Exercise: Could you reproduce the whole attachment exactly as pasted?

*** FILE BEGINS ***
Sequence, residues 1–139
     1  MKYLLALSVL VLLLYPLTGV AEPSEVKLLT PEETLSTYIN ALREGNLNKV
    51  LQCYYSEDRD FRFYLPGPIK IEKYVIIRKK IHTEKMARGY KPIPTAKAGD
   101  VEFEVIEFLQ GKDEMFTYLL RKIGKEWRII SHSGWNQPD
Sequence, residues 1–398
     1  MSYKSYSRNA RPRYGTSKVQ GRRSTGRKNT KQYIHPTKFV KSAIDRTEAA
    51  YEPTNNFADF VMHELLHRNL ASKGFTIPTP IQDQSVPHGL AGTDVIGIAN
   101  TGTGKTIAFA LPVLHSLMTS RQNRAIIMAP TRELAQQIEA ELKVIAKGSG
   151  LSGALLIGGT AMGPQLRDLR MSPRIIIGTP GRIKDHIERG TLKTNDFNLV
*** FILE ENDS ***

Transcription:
Sequence, residues 1–139
     1  MKYLLALSVL VLLLYPLTGV AEPSEVKLLT PEETLSTYIN ALREGNLNKV
    51  LQCYYSEDRD FRFYLPGPIK IEKYVIIRKK IHTEKMARGY KPIPTAKAGD
   101  VEFEVIEFLQ GKDEMFTYLL RKIGKEWRII SHSGWNQPD
Sequence, residues 1–398
     1  MSYKSYSRNA RPRYGTSKVQ GRRSTGRKNT KQYIHPTKFV KSAIDRTEAA
    51  YEPTNNFADF VMHELLHRNL ASKGFTIPTP IQDQSVPHGL AGTDVIGIAN
   101  TGTGKTIAFA LPVLHSLMTS RQNRAIIMAP TRELAQQIEA ELKVIAKGSG
   151  LSGALLIGGT AMGPQLRDLR MSPRIIIGTP GRIKDHIERG TLKTNDFNLV